County funding will avoid some layoffs at CMS, but not all

Charlotte-Mecklenburg Schools will be able to keep 570 educators, including 406 classroom teachers, because of an additional $26 million in county funding. However, district officials cautioned that layoffs may still be needed, depending on the final state budget.

The $26 million will be applied to three items in Tier 4 of the district’s proposed budget, which included about $101 million in proposed cuts. The items included teachers related to weighted student staffing, class size and instructional support staff in schools. By design, the fourth tier includes the reductions most likely to affect student achievement. District leadership told the Mecklenburg Board of County Commissioners during budget talks in June that any additional funding would be applied to Tier 4, starting at the bottom of the tier and working up.

“We will use the $26 million just as we told the county that we would,” said Chief Operating Officer Hugh Hattabaugh. “The $26 million will mean we don’t have to increase class sizes and we don’t have to change our weighted-student staffing formula. Together those two items add up to $24 million – and we’ll apply the remaining $2 million to the next item in the tier, which is support staff in schools.”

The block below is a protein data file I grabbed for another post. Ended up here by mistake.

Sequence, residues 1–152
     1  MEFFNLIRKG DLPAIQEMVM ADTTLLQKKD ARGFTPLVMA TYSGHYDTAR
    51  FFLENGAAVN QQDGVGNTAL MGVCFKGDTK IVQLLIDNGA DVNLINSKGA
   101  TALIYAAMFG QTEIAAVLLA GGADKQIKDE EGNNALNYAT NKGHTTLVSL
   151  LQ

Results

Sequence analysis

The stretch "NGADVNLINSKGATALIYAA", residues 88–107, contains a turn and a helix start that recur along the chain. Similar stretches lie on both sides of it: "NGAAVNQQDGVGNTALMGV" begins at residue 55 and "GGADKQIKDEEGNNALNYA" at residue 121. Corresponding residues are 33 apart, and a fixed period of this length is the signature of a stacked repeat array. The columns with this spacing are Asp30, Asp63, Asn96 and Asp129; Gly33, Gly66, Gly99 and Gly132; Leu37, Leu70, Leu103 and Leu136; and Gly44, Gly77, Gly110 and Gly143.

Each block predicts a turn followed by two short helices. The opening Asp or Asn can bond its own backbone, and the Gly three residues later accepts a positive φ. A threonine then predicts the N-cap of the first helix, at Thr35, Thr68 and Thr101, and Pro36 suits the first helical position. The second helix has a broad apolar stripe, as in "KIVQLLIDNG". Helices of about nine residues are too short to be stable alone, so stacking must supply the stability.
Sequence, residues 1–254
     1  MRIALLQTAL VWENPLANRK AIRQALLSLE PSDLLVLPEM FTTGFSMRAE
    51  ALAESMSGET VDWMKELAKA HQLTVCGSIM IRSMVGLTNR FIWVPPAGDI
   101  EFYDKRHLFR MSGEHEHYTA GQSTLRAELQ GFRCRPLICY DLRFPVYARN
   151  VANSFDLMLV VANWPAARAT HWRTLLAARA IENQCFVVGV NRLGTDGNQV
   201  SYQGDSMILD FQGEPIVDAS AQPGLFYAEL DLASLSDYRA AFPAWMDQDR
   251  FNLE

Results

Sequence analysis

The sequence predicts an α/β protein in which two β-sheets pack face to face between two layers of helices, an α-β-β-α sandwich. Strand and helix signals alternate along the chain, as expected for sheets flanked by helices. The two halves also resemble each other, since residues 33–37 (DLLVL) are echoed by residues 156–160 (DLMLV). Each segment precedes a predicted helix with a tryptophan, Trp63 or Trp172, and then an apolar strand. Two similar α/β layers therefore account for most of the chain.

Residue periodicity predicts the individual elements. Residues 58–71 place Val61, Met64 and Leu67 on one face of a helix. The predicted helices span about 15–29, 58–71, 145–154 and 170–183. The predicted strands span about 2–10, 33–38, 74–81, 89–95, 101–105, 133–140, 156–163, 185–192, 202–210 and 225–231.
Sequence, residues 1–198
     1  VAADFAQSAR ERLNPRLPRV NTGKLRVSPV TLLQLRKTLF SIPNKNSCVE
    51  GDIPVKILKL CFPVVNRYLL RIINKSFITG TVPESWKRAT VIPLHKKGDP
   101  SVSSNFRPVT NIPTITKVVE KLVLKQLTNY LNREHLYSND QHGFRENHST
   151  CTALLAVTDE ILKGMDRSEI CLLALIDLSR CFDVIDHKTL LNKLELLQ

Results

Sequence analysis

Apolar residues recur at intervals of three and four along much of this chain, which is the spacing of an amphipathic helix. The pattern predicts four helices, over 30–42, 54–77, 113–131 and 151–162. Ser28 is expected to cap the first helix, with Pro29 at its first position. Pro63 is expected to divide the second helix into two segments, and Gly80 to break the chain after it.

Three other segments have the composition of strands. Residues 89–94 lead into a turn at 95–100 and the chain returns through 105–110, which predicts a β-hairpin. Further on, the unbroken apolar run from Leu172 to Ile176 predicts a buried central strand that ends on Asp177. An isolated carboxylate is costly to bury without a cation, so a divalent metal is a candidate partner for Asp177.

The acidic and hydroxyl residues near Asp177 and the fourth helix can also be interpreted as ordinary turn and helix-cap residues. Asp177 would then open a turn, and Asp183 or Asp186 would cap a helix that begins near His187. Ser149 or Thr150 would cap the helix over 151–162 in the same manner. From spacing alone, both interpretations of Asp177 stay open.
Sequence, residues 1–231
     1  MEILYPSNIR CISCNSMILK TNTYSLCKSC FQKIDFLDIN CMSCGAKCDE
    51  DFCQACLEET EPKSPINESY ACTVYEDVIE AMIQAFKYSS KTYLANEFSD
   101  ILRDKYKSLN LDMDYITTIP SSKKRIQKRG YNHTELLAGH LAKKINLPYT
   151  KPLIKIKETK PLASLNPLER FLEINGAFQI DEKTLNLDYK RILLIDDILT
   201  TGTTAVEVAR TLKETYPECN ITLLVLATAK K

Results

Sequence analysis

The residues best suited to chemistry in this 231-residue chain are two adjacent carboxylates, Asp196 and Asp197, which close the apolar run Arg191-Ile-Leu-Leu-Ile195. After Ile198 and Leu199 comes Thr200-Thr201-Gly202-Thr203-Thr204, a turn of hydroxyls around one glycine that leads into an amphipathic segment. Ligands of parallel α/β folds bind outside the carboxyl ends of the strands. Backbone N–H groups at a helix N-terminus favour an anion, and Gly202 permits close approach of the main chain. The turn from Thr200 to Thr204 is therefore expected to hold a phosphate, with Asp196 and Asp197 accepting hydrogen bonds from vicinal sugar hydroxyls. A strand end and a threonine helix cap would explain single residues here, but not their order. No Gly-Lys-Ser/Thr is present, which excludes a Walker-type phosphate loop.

The remaining items in Tier 4 that the county money did not cover are a reduction of 328 teacher assistants and a reduction in the number of Bright Beginnings classes offered by CMS.

“We do not know whether we will have to make the additional reductions in Tier 4 yet,” Hattabaugh said. “It will depend on the state funding and we won’t know that until the state budget is final.”

District officials expect to have final state numbers by the end of June. The state budget appears likely to be resolved sooner than it has been in earlier years, so CMS could have those numbers earlier than usual.

The district’s proposed budget included eliminating 1,687 positions. The county funding has allowed the district to preserve 406 teacher positions and some support staff. If funding allows the district to keep its current number of Bright Beginnings pre-kindergarten classes with associated staffing and the 328 teacher assistants scheduled for reduction in Tier 4, that would bring the number of positions cut to about 600, Hattabaugh said. Final numbers won’t be available until the state funding is certain, which will be later in the summer.

The district has decided to close the pre-kindergarten centers where Bright Beginnings has been offered. If Bright Beginnings is not cut, then the classes will move to other district schools, he said. Teachers will not lose their jobs if that occurs, but other school staff may.

“While we’re relieved not to have to cut more teachers, we’ve still had to cut hundreds of positions from the budget,” Hattabaugh said. “We have had a reduction in force for the past three years and that has meant some very effective district employees have lost their jobs.”